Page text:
A team of Canadian and German scientists have found a way to fabricate a superconducting material, made of a silicon-hydrogen compound, that does not require cooling. They say that the breakthrough means we will be able to cut the power usage of all sorts of devices from refrigerators to cell phones.
This new material is super-compressed instead of being super-cooled like conventional superconductors, allowing scientists to create superconducting wires that work at room temperature.
Superconductors offer no electrical resistance, meaning that energy will not be lost while a current is traveling along a superconducting wire.
If the scientists can find a way to mass-produce this material, we could see a new age in electronics. Battery life would improve dramatically for all sorts of gadgets, and power usage would go down for anything that stays plugged in. Hopefully they can figure out the magic formula soon.
Tags: battery life, energy, hydrogen, power, silicon, superconductor
Penn State scientists have created a new type of solar cell that mimics photosynthesis to produce hydrogen gas directly from water.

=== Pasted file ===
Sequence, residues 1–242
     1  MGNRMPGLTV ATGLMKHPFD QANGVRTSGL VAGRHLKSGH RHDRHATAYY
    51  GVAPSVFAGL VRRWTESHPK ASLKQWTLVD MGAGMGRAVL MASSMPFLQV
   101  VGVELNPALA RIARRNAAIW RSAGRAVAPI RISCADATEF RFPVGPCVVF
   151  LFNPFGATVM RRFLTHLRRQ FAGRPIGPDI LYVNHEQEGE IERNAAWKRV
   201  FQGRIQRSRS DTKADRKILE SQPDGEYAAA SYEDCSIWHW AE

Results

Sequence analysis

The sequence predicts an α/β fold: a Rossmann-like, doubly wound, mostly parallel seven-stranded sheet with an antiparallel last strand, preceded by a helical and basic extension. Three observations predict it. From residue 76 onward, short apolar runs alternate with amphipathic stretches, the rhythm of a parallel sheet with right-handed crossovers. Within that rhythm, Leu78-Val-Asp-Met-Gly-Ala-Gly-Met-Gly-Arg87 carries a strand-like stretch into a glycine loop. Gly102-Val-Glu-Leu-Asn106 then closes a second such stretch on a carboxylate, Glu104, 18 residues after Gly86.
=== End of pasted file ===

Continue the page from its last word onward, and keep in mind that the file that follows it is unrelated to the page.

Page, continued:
Unfortunately, the prototype is inefficient, able to use only about 1% of the light energy falling on it for splitting water into oxygen and hydrogen gases. The scientists believe that with some optimization they could get that efficiency up to 10%.
Although still in its infancy, this new technology could eventually make it into cars. That would mean that you would be able to simply pour some water into your H2-powered vehicle to keep it going.
These solar cells would eliminate the need to build new hydrogen gas stations because they could completely be contained inside a car. This could ease the transition to alternative-fuel vehicles and help us get rid of our dependence on oil.
Tags: car, energy, hydrogen, solar cell